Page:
Freedom through Forgiveness by Cylvia Hayes

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Forgiveness is such a powerful, and powerfully difficult thing.  As I’ve shared in previous blogs, for many months I have worked to forgive my attackers.  I have held the intention, meditated and read books about forgiveness.  I’ve made something of a mantra from the quote attributed to Buddha, “Hating someone is like drinking rat poison expecting that other person to die.” 
 
I’ve made progress.  I can definitely feel an easing in the intensity of anger.  I find myself thinking of “them” far less often.  But I still haven’t been fully free.
 
This past week I think I had a breakthrough.  One of the books I’ve been studying as part of my daily meditation practice recommended an exercise.  It suggested holding in mind the person toward whom we hold a grievance, recalling their flaws and the things that make us angry.  The main target of my ire jumped immediately to the forefront of my mind. 
 
Next, the instructions called for releasing that image, breathing deeply and seeing that person as the unique expression of God/ Spirit/ Creator that we all are.  Breathing and envisioning that person’s flawed humanness falling away to reveal the spark of divine creation behind it all. 
 
It was a bit of a stretch for me to see this person who had done me so much harm as a spark of divinity but I was able to get there.  After all I could feel the divinity in myself despite my flaws and weaknesses.  So I took some time trying to hold the image of that person’s higher self. 
 
The next instruction was to view this person as your Savior. ….   What?!!   Wait!  Screeching halt. … My eyes popped open!  That was just a bridge too far.  This person had tried to bring me ruin and I was supposed to look upon them as a savior?  For God’s sake.  …  Or, perhaps for mine. 
 
Despite my discomfort I knew I wanted the freedom of forgiveness so I stayed with it.  I realized the basis of my aversion was that thinking of this person as a “savior” felt like viewing them as powerful and justified in the awful actions they had taken against me.  But as I sat with it longer, I saw that by holding such a view I was still making it about that other person. 
 
There is just no question that I have grown immensely from dealing with the attacks and challenges this person brought into my life.  I know myself better.  I like myself more.  I am closer to Spirit.  I am more loving and more at peace.  I think in many ways these challenges became a spiritual intervention.  They didn’t break me down, they broke me open, and that is the salvation.  The salvation is in realizing what’s truly important and what I really want in my life, in taking time out (even though I hadn’t asked for it) to go deep and better get to know my higher self.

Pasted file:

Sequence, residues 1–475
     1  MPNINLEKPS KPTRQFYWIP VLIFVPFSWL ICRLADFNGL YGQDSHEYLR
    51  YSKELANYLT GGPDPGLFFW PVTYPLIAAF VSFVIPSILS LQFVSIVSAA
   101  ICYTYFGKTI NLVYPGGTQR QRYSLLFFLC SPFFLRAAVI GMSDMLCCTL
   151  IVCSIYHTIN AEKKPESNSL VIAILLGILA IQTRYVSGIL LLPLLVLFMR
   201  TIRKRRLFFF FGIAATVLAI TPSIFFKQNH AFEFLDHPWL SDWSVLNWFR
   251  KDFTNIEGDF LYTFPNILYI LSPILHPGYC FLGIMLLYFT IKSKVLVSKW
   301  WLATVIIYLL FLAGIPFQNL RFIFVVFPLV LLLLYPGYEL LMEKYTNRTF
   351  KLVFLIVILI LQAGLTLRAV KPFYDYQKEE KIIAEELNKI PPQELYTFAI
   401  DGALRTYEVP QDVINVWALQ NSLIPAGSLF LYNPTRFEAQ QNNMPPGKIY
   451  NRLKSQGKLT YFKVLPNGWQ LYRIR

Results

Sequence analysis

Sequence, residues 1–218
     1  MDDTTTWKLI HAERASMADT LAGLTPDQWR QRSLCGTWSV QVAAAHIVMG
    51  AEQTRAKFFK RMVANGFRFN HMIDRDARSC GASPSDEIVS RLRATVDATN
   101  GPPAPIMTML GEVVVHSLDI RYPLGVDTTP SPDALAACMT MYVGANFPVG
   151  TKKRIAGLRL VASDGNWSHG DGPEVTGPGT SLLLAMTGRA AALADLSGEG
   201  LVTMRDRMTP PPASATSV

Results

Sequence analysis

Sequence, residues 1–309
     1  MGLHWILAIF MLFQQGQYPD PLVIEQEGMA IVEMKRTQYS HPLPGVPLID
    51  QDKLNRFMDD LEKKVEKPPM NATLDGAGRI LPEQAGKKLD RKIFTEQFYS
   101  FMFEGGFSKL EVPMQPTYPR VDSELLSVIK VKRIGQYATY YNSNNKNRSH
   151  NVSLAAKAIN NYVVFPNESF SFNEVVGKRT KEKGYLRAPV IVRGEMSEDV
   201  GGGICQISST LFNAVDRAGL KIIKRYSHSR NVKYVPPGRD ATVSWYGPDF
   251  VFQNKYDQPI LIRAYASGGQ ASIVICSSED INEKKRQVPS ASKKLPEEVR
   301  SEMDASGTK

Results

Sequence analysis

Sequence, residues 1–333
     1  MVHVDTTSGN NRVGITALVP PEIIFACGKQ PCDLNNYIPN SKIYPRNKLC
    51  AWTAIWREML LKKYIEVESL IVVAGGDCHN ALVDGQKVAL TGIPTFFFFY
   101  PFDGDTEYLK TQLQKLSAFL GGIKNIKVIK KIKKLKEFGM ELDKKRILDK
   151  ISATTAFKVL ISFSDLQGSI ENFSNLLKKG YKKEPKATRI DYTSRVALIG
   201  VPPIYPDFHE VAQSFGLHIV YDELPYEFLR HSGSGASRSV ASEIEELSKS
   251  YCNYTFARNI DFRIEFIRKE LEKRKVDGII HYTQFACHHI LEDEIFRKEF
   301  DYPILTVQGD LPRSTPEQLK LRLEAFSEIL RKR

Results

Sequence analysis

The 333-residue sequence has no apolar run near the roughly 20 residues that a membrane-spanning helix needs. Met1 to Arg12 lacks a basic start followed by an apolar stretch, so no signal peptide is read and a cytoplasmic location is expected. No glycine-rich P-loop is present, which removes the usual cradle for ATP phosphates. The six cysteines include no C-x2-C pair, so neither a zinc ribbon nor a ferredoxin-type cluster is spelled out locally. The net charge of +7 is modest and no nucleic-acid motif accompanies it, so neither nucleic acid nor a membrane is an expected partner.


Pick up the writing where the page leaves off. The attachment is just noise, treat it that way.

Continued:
Many months ago, finding profound peace in the midst of deep trauma, I said to my Beloved, “I want to live the rest of my life from this place, but without needing a crisis to get here.”  I recognized then the value of my attackers.  Spirit, the Universe, the Creator presented them so that I could grow.  Being harmed by their un-evolved humanness gave me an opportunity to awaken, grow and become more, and more powerful.  That is why they are my saviors.  It’s not about them at all. 
 
I wouldn’t have chosen to be attacked, to face these painful and   difficult challenges but I do choose to grow, advance and become more and more powerful as a result. 
 
This reminds me of a story that I learned of while reading some of Pema Chodron’s writings.  There was a renowned Buddhist teacher, named Atisha, who planned to go on a long, cross-country trek.  He wanted to bring a companion and many good people from his village wanted to go with him.  They were all friendly, companionable, compatible people.  And that was the problem. 
 
Atisha was afraid that his personal spiritual growth would be stunted if he only spent time with people who agreed with him and were pleasant to be around.  He believed that the people we find most obnoxious, frustrating or contemptible mirror and reflect back to us those very aspects of our selves that are obnoxious, frustrating or contemptible – and so they are invaluable teachers.  So he invited the most obnoxious, unpleasant person he knew, the boy that sold tea in the village.  Everyone, including the young tea merchant was surprised. 
 
For the entirety of the journey, the unpleasant, young tea merchant was a thorn in Atisha’s side.  Many times they wished they were not with one another.  But through it all they both grew. 
 
I can’t yet say thank you to my attackers but I can say thank you for them. 
 
 By Cylvia Hayes
 

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